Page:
I cut the splint to make four crosspieces, then I hole each one to bolt on the wall. I do this before weld 'cause its more easy with a table drill.

Using a inverter welder, attached to 110v, amperage was around 65-70

Step 4: Present, Screw, Level and Screw Again!

I put the whole piece where I want it, then I marked with a pencil. Make the first hole for the anchor bolt with a correct size of masonery drill-bit attached to my biggest drill. After that, I level it and mark the upper hole position.

First down hole, then upper hole. It's more easy in that way!

When I make the first hole, inmediatly put in the anchor gently with a hammer, then unscrew the bolt, put the rack on position, and then, screw the bolt again CAREFULLY, if you push the bolt harder you might lose the end piece of the anchor where bolt screw in and that would be a shame cause you will lost the anchor! screw no to tight.

Move the rack, now bolted on the wall in one point, aside, drill the second (and all the holes that you already marked, I make two only cause was the anchors that I have and I considered that would be enough due size of them, 5/16) put the anchor in, unscrew bolt, put rack on position, screw again with carefull to no lost the end piece of anchor, now, you can tight it!!.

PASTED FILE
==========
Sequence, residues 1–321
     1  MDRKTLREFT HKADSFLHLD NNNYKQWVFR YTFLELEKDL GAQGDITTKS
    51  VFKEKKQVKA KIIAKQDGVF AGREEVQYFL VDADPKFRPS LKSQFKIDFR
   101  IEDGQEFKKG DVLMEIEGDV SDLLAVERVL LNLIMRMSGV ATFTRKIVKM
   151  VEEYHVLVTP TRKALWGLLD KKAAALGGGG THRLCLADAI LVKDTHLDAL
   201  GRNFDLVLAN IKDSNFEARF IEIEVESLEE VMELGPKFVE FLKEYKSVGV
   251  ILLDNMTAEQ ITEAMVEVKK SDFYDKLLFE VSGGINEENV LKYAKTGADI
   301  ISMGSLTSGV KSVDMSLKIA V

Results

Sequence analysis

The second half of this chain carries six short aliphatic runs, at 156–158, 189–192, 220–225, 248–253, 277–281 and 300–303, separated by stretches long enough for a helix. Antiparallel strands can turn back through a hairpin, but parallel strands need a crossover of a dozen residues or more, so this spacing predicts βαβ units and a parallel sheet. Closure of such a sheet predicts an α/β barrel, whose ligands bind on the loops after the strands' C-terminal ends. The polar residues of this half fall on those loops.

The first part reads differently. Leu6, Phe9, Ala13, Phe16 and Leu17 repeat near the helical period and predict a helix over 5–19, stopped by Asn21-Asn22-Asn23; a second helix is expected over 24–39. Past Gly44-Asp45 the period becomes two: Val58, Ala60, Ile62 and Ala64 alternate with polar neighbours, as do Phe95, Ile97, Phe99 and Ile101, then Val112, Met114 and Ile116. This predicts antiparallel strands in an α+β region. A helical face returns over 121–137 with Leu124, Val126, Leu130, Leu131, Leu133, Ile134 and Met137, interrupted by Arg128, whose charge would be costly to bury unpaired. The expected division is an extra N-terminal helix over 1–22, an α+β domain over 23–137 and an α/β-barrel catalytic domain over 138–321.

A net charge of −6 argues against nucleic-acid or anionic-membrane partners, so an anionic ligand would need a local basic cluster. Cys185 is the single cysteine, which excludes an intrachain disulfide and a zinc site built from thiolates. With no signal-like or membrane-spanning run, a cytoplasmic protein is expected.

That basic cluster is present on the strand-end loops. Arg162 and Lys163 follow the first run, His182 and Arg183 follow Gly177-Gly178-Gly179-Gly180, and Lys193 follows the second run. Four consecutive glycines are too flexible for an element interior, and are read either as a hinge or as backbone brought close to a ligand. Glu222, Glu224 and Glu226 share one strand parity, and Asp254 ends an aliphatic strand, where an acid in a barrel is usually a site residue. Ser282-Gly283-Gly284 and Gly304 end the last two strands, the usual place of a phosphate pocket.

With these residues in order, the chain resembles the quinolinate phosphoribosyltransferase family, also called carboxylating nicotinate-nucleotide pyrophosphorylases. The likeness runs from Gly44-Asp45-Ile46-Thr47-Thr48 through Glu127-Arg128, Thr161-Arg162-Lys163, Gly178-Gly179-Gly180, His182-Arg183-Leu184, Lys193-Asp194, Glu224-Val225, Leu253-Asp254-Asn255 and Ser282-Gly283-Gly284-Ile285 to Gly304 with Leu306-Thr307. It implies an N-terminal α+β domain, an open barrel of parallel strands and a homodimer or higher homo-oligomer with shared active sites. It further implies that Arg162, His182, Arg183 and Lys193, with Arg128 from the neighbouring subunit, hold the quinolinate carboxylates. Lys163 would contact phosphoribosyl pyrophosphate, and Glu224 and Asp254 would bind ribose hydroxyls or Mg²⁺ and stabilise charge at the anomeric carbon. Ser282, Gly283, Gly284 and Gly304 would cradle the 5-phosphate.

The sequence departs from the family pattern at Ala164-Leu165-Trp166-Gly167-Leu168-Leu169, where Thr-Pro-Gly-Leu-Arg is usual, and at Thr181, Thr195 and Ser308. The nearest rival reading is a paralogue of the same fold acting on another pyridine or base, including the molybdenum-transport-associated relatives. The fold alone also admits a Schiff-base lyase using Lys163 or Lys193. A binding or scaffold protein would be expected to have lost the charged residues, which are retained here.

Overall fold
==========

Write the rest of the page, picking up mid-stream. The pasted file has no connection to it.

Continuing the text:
It's done! all the mess with tool's would be finished...

Step 5: ...Upgrades

When the piece was already attached to the wall I could think weld splints aside to locate more accessories like grinder discs, welder mask, special keys for tools etc... Things that wouldn't be too heavy.

So I cut two more splints at 115º angle to avoid large things hit the table below, and weld it!. Holders can be welded later depend of what do you want in it.

I hope that you find this useful as it was for me!

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    11 Discussions

    0
    nic.bryan.73
    nic.bryan.73

    6 weeks ago

    2 questions

    1) what kind of drill are you using for the masonry bit? I've always found that a roto-hammer does the job the fastest.